Introducing Inneal

While most of my AI related app releases have been dedicated to image generation, (counting two Ealain releases and then Aislingeach), my gateway into generative AI was chatbots. If you look at the chronology of this blog, that’s pretty obvious, since it all began with my post about “uncensored” chatbots, which I’ve recently updated to note this very app I’m talking about now.

So, yeah, it’s weird that it took me nearly a year to finally make my own chatbot app. The reason for this is largely just that open source LLMs took a little time to cook before getting better. They’re still not perfect, or anything, but they’re a lot more fun to play around with and you can essentially get a good experience “out of the box” with any of them. It felt like the time was right to try to make a straight-forward app for character-based role-play chat.

If you don’t care to read the rest, well, here’s some links for you.

It feels moderately awkward to explain this app to people, because the main way LLMs are in the news and overall public consciousness is that they’re writing assistants, or coding assistants, or maybe they’re going to steal customer service jobs. But this app is not that, it’s not meant to be an assistant. It’s meant to allow you to chat to fictional characters, which at face value sounds… immature? Or stupid? I don’t know, but it definitely makes me cringe a little bit.

Additionally, as my original blog post makes clear, depending on the audience, there’s a bit of ick around the entire subject matter because a lot of the reason these open source LLMs exist and are good for this purpose is because people wanted to have sex with chatbots. That’s just how it is. There’s a lot of lonely (or just horny) people out there, across the whole spectrum of genders and sexualities, and a vast pornography industry in existence that proves it. So, of course people want to use this new technology in that way.

So is that an explicit endorsement, that my app is for people to use to have sex with chatbots? Well, that’s the pickle I’m in with the app, when I’m explaining it to people, because it’s hard to convince someone that a grown adult might just enjoy talking to random fictional characters. And that’s mostly how I dogfood the app, just shooting the shit with random character cards, and seeing what funny (or stupid) stuff comes out. This technology can be really entertaining, especially when it pulls a stroke of genius out of its back pocket and surprises you.

So, Inneal is for writing characters and chatting with them, and maybe that is just for fun, like a choose your own adventure story you are actively writing while participating in it; or maybe you do it to stimulate your creative instinct and try to flesh out characters in your own fictional stories; or maybe it’s because you’re lonely and you want to talk to a familiar face, even if they don’t really exist. I’m not going to judge. I’m not the judging kind of person. Even if you want to have sex with them.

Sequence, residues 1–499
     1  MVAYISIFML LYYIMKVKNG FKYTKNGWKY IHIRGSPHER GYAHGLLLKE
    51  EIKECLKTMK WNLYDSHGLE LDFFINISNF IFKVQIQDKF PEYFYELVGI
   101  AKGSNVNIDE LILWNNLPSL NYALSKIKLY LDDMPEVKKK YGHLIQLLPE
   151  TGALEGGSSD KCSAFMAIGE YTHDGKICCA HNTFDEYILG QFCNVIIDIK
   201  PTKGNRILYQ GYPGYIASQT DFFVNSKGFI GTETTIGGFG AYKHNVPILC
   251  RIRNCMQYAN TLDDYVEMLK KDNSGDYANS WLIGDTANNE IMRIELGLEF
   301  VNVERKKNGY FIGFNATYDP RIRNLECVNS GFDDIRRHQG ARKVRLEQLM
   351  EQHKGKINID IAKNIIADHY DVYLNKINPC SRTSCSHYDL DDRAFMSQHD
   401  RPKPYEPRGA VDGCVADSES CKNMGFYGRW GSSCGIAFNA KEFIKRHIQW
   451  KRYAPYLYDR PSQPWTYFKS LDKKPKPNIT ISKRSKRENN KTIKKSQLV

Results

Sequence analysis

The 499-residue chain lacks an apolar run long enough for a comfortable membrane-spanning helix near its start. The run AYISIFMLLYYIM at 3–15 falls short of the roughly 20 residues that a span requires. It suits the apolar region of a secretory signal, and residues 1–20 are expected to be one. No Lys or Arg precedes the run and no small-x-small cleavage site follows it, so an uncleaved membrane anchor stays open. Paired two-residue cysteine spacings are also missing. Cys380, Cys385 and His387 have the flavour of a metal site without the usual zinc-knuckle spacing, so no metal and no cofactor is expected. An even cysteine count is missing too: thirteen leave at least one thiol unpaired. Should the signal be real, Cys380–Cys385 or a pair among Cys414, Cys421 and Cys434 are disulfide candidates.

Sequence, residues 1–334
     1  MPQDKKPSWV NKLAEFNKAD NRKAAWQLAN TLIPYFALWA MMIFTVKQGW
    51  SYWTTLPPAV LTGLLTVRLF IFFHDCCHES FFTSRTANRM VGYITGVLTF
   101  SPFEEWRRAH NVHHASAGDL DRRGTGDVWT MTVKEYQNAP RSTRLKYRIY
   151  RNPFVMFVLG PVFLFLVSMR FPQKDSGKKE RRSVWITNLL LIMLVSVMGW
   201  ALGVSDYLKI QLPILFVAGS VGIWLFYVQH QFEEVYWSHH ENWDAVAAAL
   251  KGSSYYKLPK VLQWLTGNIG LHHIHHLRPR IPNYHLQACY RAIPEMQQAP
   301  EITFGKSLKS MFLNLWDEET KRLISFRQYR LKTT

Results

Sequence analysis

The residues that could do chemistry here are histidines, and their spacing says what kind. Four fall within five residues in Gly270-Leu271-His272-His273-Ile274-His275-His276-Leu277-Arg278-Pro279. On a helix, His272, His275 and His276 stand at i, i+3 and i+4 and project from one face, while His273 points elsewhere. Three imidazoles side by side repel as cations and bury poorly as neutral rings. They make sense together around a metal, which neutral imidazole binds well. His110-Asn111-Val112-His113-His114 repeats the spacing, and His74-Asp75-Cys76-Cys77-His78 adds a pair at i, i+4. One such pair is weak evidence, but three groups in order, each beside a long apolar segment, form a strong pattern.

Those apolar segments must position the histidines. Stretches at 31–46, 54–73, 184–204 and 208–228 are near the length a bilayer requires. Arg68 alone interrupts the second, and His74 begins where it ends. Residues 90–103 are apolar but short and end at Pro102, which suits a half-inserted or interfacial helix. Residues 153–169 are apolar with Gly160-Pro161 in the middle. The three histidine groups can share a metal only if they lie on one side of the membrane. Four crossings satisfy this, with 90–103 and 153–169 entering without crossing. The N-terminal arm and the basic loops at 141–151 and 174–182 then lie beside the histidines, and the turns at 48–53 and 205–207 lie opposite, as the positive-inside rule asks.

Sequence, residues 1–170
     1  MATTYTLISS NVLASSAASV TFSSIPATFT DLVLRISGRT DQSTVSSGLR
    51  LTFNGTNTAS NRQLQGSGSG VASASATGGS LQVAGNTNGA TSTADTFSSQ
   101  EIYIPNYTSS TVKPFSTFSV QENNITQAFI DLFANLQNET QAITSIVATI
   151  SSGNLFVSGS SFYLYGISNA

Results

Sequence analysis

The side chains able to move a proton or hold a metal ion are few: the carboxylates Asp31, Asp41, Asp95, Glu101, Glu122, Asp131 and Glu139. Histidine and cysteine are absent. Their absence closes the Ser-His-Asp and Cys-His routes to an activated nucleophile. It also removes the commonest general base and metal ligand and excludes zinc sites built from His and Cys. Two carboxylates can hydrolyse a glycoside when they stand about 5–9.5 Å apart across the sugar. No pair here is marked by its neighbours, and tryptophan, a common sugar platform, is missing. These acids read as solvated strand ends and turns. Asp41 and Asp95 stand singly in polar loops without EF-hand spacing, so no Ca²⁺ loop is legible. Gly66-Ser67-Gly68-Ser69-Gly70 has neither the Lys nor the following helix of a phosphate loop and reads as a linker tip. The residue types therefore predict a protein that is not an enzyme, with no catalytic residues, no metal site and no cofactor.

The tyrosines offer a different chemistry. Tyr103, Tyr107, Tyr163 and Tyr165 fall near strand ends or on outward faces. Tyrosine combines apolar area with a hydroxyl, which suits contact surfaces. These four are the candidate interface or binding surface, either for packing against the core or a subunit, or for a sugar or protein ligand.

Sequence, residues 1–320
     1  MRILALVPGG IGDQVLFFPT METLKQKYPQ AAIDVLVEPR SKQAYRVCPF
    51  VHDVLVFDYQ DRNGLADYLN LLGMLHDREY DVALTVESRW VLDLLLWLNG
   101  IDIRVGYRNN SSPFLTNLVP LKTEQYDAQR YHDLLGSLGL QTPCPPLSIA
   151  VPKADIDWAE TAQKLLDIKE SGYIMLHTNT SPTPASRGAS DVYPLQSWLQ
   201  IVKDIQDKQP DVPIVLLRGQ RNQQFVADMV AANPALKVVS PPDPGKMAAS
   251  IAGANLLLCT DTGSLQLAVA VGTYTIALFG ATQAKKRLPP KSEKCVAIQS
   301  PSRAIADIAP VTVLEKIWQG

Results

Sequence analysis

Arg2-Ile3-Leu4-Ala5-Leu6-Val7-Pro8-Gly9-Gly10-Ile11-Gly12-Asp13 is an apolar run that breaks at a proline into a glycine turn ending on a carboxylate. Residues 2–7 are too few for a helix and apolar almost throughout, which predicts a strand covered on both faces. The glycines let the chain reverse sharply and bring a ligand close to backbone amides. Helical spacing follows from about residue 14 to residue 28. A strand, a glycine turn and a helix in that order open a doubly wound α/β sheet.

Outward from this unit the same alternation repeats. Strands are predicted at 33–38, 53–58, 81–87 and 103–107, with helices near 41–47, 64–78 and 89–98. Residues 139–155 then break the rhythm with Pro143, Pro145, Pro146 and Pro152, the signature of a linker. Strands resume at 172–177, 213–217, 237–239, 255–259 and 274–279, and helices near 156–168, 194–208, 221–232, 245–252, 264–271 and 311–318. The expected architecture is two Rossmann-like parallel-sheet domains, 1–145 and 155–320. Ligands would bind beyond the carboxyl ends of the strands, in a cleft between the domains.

This is my second app built entirely with SwiftUI, and my first app using SwiftData for the persistence layer. Ealain, my first SwiftUI app, was pretty simple and didn’t really force me to learn how SwiftUI works properly. Inneal, on the other hand, really forced me to learn quite a bit about SwiftUI and especially how it interacts with SwiftData.

When I’ve used CoreData in the past, I’ve followed advice to abstract it away as best I can and I usually keep all the CoreData related logic compiled together in one class, to try to avoid issues with threading. This results in crashes in Aislingeach to this day with NSFetchedResultsController, but, whatever, they’re pretty rare.

SwiftData doesn’t want you to do this, or at least, if you do, you lose out on a lot of cool stuff. It also doesn’t want you to update or create model objects essentially anywhere but directly in the View code. This feels weird, coming from a background where you feel inclined to try to hide the model away from the views as much as you can. Instead I end up in a situation where the ViewModel is passing data back to the View so that the View can create or update the Model within itself.

I don’t think I am doing this wrong, because it works quite well, and still keeps almost all the backend logic tucked away in the ViewModel, and the View has this strangle-hold on the Model, which sort of makes sense because that is where the model is used and updated anyway.

SwiftUI is a little glitchy, but it’s understandable because I don’t envy any of the behind the scenes work that goes into it. The two notable issues I ran into are: 1) if you setup SwiftData the way Apple intends and then setup CloudKit syncing, your app will crash every time it’s backgrounded. 2) When you use LazyVStack with defaultScrollAnchor, sometimes your internal views just kind of disappear, which is a continued issue I can’t manage to solve 100%. I might end up using one of my free developer technical support tickets to ask about this issue.

The other issue I’m sure is perennial, which is that you will reach a point where the compiler simply dies instead of making any attempt at telling you where the bug in your code is. This means you must be very careful about how many code changes you make before doing a build & run, because otherwise you’ll end up pretty stuck not having any idea what you broke.

All that said, I really enjoyed building this app with SwiftUI and don’t think I will go back to using UIKit unless I really have to for some reason. It really sped up the development process and cut down on a lot of unnecessary boilerplate style code created by strict adherence to the delegate method.

I guess that’s it. Go download the app and chat with some bots!